Time to get started on the caster mounts:


The caster mounts were just some simple pieces of angle.  Since I intended to use swivel casters on the tailstock end and non swivel ones on the headstock end and they required different size mounts, I made one set of mounts out of 1” angle, and the swivel end ones out of 1-1/2” angle since they had a wider bolt pattern.

In the picture above you can see that I clamped them and then used the fine adjustment tool sitting on the end to tap them into position, then I set the casters on there to make sure everything clears and lines up like expected.  Finally below you can see where I welded it all together:


WOOOHOOO… this thing is starting to look like something.  An upside down something, but like something…

Here the caster pads are drilled and tapped and I spent some time cleaning up the surface rust using a combination of wire wheels on an angle grinder, some 3M scotch bright and a phosphoric acid based metal prep called “Right Stuff De-Ruster Metal Conditioner and Rust Preventer”:


Comment on the Right Stuff. 

I’ve used it before a few times, and have been generally happy with it, but have to an extent ignored the directions before now.  It recommends brushing it on, leaving it and then painting over it, not fussing with it before painting.  Specifically recommending that the sticky surface that it leaves will actually help protect the steel and help the paint adhere.

Previously, I’ve basically stopped and sanded before, after, during… any time I had a rough spot.  If it looked like anything besides smooth steel it got sanded, sort of the sand and wipe down every step of the way approach and usually wipe down with something like a paint prep grease/wax/oil remover if there was any chance that I got some on it or got a hand print on it.  The Right Stuff has taken care of any surface/flash rust and I never had any issues with sanding afterwards.RightStuff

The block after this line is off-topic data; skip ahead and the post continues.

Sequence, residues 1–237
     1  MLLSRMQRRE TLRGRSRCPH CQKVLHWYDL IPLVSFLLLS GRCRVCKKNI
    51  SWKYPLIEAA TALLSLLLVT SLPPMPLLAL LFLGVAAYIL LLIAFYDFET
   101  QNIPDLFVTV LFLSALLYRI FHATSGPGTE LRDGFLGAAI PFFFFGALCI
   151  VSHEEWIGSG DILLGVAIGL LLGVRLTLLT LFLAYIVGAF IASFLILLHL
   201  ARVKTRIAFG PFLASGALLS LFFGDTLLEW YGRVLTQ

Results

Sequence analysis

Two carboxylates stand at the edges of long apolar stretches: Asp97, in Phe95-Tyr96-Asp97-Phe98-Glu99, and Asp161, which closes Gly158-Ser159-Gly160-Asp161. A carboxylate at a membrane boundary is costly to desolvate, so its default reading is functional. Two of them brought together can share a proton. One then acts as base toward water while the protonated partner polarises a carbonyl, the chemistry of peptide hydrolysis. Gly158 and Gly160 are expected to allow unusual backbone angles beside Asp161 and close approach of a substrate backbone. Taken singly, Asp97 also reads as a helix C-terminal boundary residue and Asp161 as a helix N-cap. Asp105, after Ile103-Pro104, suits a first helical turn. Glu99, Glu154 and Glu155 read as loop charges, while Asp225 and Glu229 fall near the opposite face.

So this time I followed the directions.  After the initial clean up I put it on (used a combination of a chip brush and a but of scotch brite dipped in it) and after it dried I painted right over the surface it left.

Well, that was a mistake.  It dried with a bunch of brush marks and runs and the first coat of paint looked AWFUL.  Like as in it looked like I let a blind monkey paint it by splashing it on with a mop and a bucket.  I kept hoping all sorts of things were going to happen, none of them did.  After letting it sit over night, giving it a good hard look and deciding that I’m not going to be able to stand leaving it that way no matter how many coats of paint I put on it I ended up sanding down most of it till it was smooth.

I put it up on stands for painting and put the first coat on with it upside down to make sure all the bottom surfaces were well coated, and the second with it right side up.  For anyone wondering, that is grey Rust-Oleum Hammered:


Yep, the hockey puck feet are installed, and wrapped in plastic bags so that the thing can be supported by something that does not get painted.

Here you can see one of the casters bolted in.  Before anyone says it, I know that that flange is probably a bit thin to hold those threads, but I didn’t seem to be having any problems with them and figured if I did it would be easy enough to add a nut on the back side.


Oh, and the Grade 8, cadmium plated, washer head hardware is totally excessive (and I had to drill the mounting holes on the casters oversize to fit the bolts), but I have something on the order of 30# or more of these 3/8” bolts left over from a tape robot/server room decommissioning that I was involved with making those cheaper than standard 5/16” bolts and washers

So, what do you think?


One last thing to do and the stand’s structure is done.  Drilling and tapping the top cross members for the lathe hold down bolts:


Another idiot check to make sure that everything lines up:


Next installment – The Top. 

Stay tuned, subscribe, tell your friends, pop some popcorn or grab a beer and hang out a while.


TAWP Tool said...

Freaking awesome! That is just what I had in my head when I began toying with the idea of welding up a stand.

Any chance you would be willing to share your Sketchup file?

Guy in Sacramento

Mark said...

Thanks Guy.

You're a member of the the 10x22 yahoo group, correct? I'll give you a longer response there, but really, there isn't much more to the actual SketchUp file than what was exported to .jpg here...

For the most part I build from what I've put together in my head, the SketchUp drawing was more to show people what I did/was doing and to get some picture what it will look like, than it was to actually build from (it didn't really exist during most of the building).

TAWP Tool said...

Yes I am a member there and have seen your response. Thanks, Guy